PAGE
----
In 3Cs Phase 1 (2022-23) we began the process of extending the reach of MoRPh Estuaries CSci to become a national survey. We launched a questionnaire to assess the needs and opportunities of groups working in estuaries and shared the questionnaire through The Rivers Trust and CaBA Newsletters, Coastal Partnership Network, and the Modular River Survey website. Feedback from 60 respondents representing 36 organisations across all sectors is informing the next stages and a national webinar (April 2023) provided further information on the survey tool and training opportunities. In the same month we also presented MoRPh Estuaries CSci at the UK River Restoration Conference Annual Network Conference. Our aim foing forward is to identify MoRPh Estuaries CSci “champions” to work with us to grow a national network of trained Citizen Scientists and build support through regional hubs. Future MoRPh Estuary CSci field surveys will also help create a national database in Cartographer across the eight recognized estuary types in the UK (Bar Built, Coastal Plain, Ria, Barrier Beach, Fjord, Fjard, Embayment, and Complex) to build evidence on estuary habitat condition.

In parallel, we are developing a professional version (MoRPh Estuaries Pro) for use by statutory organisations and environmental consultants. This has been informed and made possible by the 3Cs pilot study and Phase 1 activities for MoRPh Estuaries. MoRPh Estuaries Pro calculates a greater number of indices and has an Estuary Condition Assessment. And through on-going consultations with Natural England and the Environment Agency we are working to align the survey with the government’s Biodiversity Net Gain approach.



  • MoRPh Estuaries CSci is a field survey-based tool developed for trained Citizen Scientists working alongside professionals from third sector organisations to assess and monitor the physical habitat condition of estuary margins in the UK.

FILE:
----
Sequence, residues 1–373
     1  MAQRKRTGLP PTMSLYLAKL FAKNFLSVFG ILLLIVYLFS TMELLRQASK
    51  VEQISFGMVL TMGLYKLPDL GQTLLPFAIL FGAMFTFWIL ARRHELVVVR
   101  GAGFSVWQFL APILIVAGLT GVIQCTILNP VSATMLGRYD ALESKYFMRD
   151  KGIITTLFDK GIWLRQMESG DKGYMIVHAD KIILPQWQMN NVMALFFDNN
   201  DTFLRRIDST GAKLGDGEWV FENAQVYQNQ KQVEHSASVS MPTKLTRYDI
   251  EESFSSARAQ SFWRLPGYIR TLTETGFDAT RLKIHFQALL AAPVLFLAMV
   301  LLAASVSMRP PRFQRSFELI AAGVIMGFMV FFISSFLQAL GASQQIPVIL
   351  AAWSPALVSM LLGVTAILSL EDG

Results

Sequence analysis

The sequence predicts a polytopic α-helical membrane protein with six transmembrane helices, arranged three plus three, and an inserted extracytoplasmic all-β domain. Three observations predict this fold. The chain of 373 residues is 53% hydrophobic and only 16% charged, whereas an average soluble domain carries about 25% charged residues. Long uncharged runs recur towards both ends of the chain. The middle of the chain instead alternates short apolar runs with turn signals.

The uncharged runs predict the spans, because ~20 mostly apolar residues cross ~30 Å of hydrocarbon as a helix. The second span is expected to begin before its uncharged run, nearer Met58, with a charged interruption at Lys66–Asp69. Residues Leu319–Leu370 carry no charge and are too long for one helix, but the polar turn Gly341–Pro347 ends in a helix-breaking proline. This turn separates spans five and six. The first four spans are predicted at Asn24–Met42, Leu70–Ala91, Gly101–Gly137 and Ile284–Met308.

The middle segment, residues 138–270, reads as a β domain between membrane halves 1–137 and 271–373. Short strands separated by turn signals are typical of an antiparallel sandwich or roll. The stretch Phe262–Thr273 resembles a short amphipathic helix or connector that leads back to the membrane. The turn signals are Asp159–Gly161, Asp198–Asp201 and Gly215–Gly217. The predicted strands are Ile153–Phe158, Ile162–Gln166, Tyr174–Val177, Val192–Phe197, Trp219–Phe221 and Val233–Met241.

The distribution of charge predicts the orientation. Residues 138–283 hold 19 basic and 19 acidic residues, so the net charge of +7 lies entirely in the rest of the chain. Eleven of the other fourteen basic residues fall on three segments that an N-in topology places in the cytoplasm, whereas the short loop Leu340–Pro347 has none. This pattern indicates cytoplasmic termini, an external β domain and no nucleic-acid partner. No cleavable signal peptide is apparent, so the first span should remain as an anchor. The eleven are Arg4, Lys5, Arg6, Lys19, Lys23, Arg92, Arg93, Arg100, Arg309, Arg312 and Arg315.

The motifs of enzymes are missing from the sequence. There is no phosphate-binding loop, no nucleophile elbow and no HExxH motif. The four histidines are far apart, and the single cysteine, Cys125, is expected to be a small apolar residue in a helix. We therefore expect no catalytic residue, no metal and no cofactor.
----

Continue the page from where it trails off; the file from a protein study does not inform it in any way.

• Citizen Science brings invaluable local knowledge, allows surveys to be undertaken at a spatial and temporal frequency than would otherwise be possible, connects communities with an interest in their local estuaries, and builds evidence to inform local decision-making.

  • Our next steps are to work with (a) MoRPh Estuaries CSci champions to grow regional hubs as the basis for establishing a national network of trained surveyors and (b) statutory organisations and environmental consultants to support the uptake of MoRPh Estuaries Pro nationally. For further information and updates please see


Authored by Geraldene Wharton, Queen Mary University of London, Lucy Shuker, Queen Mary University of London & Cartographer Studios Ltd, Richard Charman, Environment Agency, Kate Spencer, Queen Mary University of London, Ryan Smith, Queen Mary University of London, Tom Myerscough, Wyre Rivers Trust, Heather Stott, Wyre Rivers Trust, John Bryden, Thames21, AJ McConville, Thames21, Hannah Reid, Thames21, Rob Collins, The Rivers Trust, Heather Bell, The Rivers Trust, Steve Colclough, Institute of Fisheries Management, Stewart Clarke, National Trust, & Helen Jay, National Trust.

Banner photo: Morecombe Bay upper estuary, NW England (taken by Jacqueline Greef)


How to cite

Wharton, G., Shuker, L., Charman, R., Spencer, K., Smith, R., Myerscough, Tom., Stott, H., Bryden, J., McConville, AJ., Reid, H., Collins, R., Bell, H., Colclough, S., Clarke, S., and Jay, H.  (2023) Using Citizen Science to monitor habitat conditions of estuaries in the UK. Working with voluntary and community groups. Royal Geographical Society (with IBG) Guide. Available at:


About this guide

Working with voluntary and community organisations for some is a very important way to do geography. These organisation come in various shapes and sizes and may also often be referred to as the third sector, the voluntary sector, not-for-profit organisations, community groups or the civic sector. In this guide, we share the experiences of researchers doing geography in collaboration with community and voluntary organisations. A range of topics and issues are explored from health, disability and care, through to austerity, violence, and craft, amongst others. We learn about the approaches taken by geographers in their work with community and voluntary organisations, and some of the challenges they have negotiated in the process.